A well designed program, along with a sound base of knowledge, can and should effectively be able to create a progressive overload in virtually all participants. So today, we will take a look at some of the easiest ways to progress your group fitness workouts based on the programs you are using and the fitness goals you have in mind.

Increase the weight

Go ahead, load up that bar! Grab that heavier dumbbell! Take your push up from wall to your knees! Increasing the weight refers to the literal amount of weight you are trying to work with.

  • Best For: Building larger muscles and increasing overall strength

  • Most Applicable in: Classes that utilize resistance training equipment such as barbells, dumbbells, resistance bands, such as Surge, Short Circuit, and Transformer.

Do more reps

Need to distract yourself from that muscle burn feeling? Try counting your reps in each set! Aiming to do one or two reps more per exercise set can dramatically increase your workload. Going from 10 reps to 12 reps is a 20% rep increase! That’s massive!

  • Best For: Increasing muscular endurance and re-enforcing proper technique at lighter loads.

  • Most Applicable In: Classes that are timed such as Surge, Short Circuit, and TRX

Balance training work is a trained fitness component that focuses on core stability.

Balance training work is a trained fitness component that focuses on core stability.

Decrease the base of support

Did you know that balancing on one foot requires effort from your toes all the way up to your head! Balance is a trained fitness component that involves significant core stabilization. Taking exercises from two feet to one foot, or from a stable base to an unstable one is an easy and efficient way to progress your work out.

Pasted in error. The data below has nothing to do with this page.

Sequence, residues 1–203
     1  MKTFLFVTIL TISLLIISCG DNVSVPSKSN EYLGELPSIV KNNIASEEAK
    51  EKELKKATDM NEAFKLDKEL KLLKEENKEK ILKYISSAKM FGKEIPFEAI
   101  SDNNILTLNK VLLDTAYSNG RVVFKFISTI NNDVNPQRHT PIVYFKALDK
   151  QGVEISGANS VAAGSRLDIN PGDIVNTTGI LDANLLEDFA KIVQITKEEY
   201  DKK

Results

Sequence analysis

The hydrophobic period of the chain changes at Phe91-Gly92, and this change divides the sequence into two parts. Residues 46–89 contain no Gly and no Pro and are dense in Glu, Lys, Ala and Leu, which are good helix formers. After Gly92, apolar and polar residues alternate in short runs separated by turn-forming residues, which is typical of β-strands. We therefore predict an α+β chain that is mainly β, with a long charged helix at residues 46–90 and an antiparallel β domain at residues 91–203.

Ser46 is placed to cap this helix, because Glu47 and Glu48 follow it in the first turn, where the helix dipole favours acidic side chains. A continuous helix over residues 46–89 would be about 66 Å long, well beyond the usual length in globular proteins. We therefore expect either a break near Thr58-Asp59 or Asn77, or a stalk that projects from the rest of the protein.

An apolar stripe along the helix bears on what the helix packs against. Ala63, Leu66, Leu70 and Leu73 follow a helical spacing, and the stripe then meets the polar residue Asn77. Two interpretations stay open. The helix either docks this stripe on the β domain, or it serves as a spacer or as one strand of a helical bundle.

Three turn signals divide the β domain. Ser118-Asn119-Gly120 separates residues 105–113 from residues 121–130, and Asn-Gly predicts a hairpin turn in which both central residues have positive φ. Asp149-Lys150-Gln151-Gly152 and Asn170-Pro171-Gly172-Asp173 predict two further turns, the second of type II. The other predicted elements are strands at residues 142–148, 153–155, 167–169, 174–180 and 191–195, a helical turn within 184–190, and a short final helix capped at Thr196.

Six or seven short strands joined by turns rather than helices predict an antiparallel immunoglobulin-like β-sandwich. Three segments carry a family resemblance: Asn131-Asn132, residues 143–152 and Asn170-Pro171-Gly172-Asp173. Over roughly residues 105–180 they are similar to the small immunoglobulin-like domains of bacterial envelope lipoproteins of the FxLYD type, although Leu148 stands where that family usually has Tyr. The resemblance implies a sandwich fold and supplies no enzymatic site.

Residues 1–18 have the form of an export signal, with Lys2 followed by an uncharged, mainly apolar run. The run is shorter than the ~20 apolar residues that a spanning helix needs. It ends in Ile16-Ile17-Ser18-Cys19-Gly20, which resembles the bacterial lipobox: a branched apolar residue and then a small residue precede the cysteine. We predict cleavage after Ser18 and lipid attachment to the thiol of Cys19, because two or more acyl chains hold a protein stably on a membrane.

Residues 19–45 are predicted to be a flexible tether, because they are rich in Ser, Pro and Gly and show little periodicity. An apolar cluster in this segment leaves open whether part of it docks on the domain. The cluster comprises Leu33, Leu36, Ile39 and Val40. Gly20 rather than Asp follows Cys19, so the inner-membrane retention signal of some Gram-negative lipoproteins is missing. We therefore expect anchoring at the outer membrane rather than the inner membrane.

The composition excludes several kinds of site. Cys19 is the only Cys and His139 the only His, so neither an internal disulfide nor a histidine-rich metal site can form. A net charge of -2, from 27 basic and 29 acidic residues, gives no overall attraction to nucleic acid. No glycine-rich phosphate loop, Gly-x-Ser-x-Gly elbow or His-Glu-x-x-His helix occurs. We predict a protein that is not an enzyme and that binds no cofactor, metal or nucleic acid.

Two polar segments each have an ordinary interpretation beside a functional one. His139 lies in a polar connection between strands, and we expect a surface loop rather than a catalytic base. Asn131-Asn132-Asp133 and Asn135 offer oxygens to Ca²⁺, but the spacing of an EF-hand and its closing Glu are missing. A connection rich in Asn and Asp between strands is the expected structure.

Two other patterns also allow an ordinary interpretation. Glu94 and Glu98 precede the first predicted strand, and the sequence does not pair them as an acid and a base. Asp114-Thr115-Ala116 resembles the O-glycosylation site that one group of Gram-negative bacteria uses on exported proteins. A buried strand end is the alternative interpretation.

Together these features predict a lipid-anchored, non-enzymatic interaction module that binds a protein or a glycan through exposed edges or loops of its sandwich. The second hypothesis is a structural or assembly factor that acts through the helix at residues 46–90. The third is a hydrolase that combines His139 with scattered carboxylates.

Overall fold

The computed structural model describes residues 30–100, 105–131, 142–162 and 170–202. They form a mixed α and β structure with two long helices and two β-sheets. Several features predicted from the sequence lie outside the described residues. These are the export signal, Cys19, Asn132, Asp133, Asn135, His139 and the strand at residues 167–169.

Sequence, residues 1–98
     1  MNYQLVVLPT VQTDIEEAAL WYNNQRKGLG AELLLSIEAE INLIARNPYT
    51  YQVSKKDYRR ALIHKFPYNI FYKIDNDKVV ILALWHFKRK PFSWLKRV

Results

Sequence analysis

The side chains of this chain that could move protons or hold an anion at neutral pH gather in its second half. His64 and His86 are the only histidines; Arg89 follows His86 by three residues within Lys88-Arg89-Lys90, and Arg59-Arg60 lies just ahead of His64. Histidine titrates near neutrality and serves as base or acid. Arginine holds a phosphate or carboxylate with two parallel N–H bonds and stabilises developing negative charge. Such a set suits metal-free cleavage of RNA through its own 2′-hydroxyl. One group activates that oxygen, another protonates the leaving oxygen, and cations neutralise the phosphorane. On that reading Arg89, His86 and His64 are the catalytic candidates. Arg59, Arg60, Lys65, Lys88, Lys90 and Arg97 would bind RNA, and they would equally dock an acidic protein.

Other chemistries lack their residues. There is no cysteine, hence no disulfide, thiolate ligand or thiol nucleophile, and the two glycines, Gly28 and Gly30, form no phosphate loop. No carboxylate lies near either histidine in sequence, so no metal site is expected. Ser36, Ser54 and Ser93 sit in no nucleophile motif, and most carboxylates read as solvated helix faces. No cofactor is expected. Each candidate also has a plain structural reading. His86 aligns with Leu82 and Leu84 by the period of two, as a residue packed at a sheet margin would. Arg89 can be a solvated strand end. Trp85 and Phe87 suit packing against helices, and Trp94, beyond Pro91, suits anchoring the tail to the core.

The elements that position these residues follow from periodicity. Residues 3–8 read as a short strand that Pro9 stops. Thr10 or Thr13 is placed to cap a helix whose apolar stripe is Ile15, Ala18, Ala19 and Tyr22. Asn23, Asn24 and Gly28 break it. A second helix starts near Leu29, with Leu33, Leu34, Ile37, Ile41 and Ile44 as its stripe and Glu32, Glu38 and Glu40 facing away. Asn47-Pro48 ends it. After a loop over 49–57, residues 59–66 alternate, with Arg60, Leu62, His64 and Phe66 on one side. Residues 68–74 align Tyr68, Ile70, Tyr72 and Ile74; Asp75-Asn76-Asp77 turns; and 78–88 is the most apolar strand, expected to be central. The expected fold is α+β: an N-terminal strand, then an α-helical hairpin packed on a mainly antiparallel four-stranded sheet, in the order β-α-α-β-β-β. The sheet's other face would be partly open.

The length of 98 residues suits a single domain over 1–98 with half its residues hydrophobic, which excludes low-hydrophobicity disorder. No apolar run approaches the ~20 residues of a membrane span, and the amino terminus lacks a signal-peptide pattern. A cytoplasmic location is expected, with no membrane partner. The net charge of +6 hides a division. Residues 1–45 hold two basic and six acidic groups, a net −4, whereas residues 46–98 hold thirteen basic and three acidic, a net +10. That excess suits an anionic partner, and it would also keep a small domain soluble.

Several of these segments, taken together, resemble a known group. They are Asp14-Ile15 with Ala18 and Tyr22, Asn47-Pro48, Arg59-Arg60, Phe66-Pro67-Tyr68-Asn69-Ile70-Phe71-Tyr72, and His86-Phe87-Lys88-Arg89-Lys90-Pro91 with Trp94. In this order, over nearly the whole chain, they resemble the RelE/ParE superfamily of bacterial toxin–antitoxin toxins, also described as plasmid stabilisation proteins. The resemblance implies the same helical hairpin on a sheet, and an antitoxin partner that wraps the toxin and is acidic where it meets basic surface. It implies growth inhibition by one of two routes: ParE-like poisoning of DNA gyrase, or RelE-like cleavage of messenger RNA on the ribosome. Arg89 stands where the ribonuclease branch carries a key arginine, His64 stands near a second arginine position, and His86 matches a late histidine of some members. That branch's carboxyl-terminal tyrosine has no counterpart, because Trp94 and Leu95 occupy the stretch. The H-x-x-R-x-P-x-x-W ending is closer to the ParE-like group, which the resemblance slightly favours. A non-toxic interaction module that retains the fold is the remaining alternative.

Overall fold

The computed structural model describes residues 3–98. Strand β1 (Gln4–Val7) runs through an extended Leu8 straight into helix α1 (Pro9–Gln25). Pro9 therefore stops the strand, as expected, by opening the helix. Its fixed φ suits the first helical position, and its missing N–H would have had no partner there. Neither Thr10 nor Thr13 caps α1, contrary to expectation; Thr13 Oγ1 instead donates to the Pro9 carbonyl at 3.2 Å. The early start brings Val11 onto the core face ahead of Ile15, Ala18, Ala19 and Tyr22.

• Best For: Improving stability and muscular endurance, and integrating the core

  • Most Applicable In: Classes that focus on lower weights and higher repetitions, though it can be integrated into most unchoreographed/lightly choreographed workouts. Ideal for Open Barre, Fuze, Short Circuit, TRX and Surge.

Choose the right progression for your can make your workout much more effective! Remember: master a movement at its most basic level before trying to progress it.

Choose the right progression for your can make your workout much more effective! Remember: master a movement at its most basic level before trying to progress it.

Manipulate the range of motion

Range of motion (ROM) is best described as the full movement potential of a joint, usually in extension or flexion. Now, in exercise, refine this definition to include safety, efficiency and effectiveness, as not all human bodies are able to fully move their joints to their full capacity. A person’s ROM is a reflection of their flexibility. We can manipulate ROM as a training tool by either a) seeking to get as much range as is safely possible with each repetition, or b) targeting specific muscle fibres through strategically utilized partial range movements (ie: working only the top half or bottom half of a movement)

  • Best for: increasing the size and shape of a muscle, as well improving the flexibility about a joint.

  • Most Applicable In: Virtually all classes, but specifically relevant in Transformer, Pound Fitness, Open Barre, and CardioLIT, where choreography can sometimes impede ROM.

Play with the tempo